Swimming can be a safe exercise option for people with:

  • arthritis
  • injury
  • disability
  • other issues that make high-impact exercises difficult

Swimming may even help reduce some of your pain or improve your recovery from an injury. One study showed that people with osteoarthritis reported significant reductions in joint pain and stiffness, and experienced less physical limitation after engaging in activities like swimming and cycling.

Even more interesting, there was little to no difference in the benefits between the two groups. So, swimming seems to have many of the same benefits as frequently prescribed land exercises. If you want non-swimming water activities, try these water excises for people with arthritis.

13. Swimming Improves Social Well Being

Swimming is very much a social sport. Swimmers of all ages can take classes together, train together, or work with a coach in the pool. Even if you have a pool at home, it is where you gather with your friends and family. A study revealed exercising and socializing together leads to improved mental health. Participants in the study had lower levels of anxiety and depression than their peers did.

14. Kids Who Swim Become Active Adults

Swimming is an important activity to help combat the childhood obesity rates, and it is fun too. Swimming has all the three elements of physical activity recommended to keep kids healthy: endurance, strength, and flexibility. Swimming provides kids with the tools, skills, and dedication to maintain healthier lives as adults.

15. Swimming Makes You Smarter

Regular exercise, such as swimming, improves memory function and thinking skills. This is good not only for the classroom and work, but it is beneficial for us as we age too. Regular exercise reduces inflammation and insulin resistance in the brain, which fosters new brain cell growth. Swimming also improves mood, anxiety, and stress, which increases the brain’s ability to think more efficiently.

Happy smiling mature man and old woman cycling on a swimming bike in swimming pool. Happy and healthy senior people enjoying swimming with young woman. Fitness class doing aqua aerobics on exercise bikes in a swimming pool.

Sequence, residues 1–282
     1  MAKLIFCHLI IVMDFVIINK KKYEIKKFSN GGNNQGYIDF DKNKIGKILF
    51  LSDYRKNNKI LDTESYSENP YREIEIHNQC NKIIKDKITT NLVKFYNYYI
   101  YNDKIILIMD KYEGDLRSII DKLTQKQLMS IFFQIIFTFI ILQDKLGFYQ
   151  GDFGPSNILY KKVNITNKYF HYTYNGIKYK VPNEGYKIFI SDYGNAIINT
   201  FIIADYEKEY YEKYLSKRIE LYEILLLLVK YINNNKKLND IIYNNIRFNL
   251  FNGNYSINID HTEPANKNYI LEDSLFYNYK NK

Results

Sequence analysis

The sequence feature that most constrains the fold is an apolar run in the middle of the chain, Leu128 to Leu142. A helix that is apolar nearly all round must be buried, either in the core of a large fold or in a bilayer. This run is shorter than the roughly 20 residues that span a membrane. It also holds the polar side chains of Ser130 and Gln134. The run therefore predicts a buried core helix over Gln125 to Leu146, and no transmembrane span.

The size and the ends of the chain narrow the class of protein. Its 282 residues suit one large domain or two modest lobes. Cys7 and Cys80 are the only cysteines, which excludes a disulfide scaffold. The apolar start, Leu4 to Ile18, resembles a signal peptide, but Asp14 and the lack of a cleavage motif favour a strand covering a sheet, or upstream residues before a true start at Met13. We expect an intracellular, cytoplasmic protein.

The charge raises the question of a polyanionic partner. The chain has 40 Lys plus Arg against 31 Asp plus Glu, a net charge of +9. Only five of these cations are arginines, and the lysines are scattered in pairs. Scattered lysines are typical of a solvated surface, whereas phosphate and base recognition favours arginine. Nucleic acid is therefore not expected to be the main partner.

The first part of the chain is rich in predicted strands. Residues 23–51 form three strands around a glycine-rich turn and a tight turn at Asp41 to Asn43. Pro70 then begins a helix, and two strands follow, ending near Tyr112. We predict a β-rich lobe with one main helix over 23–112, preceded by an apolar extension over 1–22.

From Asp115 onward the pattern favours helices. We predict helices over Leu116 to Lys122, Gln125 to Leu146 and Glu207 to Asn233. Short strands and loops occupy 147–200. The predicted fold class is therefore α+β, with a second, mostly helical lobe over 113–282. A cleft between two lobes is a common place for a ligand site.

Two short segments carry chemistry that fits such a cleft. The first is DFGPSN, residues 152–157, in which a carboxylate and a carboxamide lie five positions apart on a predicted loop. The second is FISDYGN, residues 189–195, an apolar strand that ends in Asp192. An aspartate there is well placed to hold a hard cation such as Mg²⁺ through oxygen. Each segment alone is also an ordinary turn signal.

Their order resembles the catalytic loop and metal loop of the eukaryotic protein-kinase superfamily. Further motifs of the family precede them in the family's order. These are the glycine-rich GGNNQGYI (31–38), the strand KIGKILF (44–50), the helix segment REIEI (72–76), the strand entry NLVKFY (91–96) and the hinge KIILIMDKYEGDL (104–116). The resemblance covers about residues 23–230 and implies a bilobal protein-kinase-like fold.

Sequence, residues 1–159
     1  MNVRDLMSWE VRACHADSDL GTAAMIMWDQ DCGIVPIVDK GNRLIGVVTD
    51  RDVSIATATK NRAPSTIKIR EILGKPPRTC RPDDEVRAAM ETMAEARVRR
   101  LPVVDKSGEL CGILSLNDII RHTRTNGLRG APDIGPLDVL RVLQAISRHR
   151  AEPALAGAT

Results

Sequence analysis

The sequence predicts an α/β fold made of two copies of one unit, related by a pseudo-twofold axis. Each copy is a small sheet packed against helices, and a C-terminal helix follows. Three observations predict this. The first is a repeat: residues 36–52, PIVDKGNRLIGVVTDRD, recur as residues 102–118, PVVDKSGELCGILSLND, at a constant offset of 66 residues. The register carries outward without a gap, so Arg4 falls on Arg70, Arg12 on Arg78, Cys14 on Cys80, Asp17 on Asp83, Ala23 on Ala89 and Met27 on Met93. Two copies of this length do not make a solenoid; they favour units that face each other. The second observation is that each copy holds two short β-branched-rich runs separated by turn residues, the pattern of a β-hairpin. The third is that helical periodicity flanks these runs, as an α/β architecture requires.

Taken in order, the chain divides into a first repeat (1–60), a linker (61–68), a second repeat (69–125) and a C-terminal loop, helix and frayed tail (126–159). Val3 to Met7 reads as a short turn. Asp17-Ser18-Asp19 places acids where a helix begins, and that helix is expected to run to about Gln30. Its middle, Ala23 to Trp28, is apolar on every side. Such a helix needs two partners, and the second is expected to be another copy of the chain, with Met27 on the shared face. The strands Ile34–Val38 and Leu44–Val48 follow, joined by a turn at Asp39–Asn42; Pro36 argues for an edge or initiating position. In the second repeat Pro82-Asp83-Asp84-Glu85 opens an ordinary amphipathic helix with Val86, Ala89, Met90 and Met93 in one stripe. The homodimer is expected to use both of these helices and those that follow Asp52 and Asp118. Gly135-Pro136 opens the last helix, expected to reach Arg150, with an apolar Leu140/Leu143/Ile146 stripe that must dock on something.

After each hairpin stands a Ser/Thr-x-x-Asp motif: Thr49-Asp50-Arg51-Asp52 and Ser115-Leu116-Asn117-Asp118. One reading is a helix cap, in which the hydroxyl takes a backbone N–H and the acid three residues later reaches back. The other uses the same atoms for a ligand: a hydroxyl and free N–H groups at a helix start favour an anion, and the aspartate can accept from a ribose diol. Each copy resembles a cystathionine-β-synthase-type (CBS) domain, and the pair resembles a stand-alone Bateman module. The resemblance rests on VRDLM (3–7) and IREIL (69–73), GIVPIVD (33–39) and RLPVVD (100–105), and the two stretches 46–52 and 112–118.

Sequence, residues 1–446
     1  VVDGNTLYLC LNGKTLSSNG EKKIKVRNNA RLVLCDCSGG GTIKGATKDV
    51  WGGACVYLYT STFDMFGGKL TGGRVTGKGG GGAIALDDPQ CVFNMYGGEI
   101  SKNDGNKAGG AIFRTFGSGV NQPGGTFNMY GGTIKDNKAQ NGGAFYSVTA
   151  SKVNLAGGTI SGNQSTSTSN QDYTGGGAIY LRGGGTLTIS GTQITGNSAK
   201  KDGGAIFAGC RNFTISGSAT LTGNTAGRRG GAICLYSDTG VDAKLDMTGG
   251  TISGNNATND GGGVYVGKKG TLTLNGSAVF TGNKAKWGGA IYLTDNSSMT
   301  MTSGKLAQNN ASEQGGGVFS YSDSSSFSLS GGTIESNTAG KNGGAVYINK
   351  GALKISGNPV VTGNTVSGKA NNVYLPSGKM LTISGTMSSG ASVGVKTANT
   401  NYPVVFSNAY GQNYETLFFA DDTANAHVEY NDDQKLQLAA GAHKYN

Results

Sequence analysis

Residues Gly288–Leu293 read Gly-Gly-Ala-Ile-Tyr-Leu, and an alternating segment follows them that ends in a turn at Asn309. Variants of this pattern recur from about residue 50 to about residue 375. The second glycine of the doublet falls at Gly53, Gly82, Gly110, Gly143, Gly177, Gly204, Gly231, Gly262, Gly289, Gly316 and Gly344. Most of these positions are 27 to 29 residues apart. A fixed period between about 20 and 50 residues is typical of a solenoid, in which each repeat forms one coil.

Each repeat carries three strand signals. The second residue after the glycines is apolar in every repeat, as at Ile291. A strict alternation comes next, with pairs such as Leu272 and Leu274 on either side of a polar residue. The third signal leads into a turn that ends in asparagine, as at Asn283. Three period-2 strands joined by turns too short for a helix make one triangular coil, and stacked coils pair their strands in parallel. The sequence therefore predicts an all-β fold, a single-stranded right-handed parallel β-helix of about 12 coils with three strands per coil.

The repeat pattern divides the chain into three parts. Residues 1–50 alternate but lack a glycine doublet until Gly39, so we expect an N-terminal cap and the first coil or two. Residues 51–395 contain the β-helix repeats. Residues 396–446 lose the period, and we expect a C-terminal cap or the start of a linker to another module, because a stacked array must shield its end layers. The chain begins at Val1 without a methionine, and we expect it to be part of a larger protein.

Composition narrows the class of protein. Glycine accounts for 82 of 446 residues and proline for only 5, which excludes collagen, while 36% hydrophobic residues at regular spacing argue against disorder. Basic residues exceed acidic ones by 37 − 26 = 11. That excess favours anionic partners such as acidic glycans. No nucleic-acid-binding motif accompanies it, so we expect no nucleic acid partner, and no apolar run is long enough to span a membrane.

16. Swimming Slows Down Aging

There is no secret pill to living longer, but the pool is like the fountain of youth. Regular swimming can delay the effects of aging by reducing blood pressure, increasing muscle mass, improving oxygen and blood flow to the brain, and increasing cardiovascular health. Swimming can also improve physical strength and balance in seniors. Seniors who suffer from joint pains can hit the pool to increase flexibility and to reduce joint inflammation. Lastly, this low-impact sport is easier on the body.

17. Swimmers are More Confident

Swimming is a confidence-building sport. Early evidence from an ongoing study out of Griffith University in Australia revealed that young swimmers are more confident than their non-swimming peers. This is also true for competitive and non-competitive adult swimmers. Swimming teaches confidence in the pool and in the open water, which translates to confidence on land as well.

18. Swimming Teaches Goal Orientation

Swimmers become goal-oriented in their personal and professional lives. Swimming gives kids and adults something to strive for. Whether it is kicking a kickboard across the pool, improving a lap time, or recovering from an injury with water rehabilitation, setting goals and achieving them is the key. The skills swimmers learn in the pool to realize and achieve such goals are skills that can and will be used out of the pool as well.

 

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Swimming on land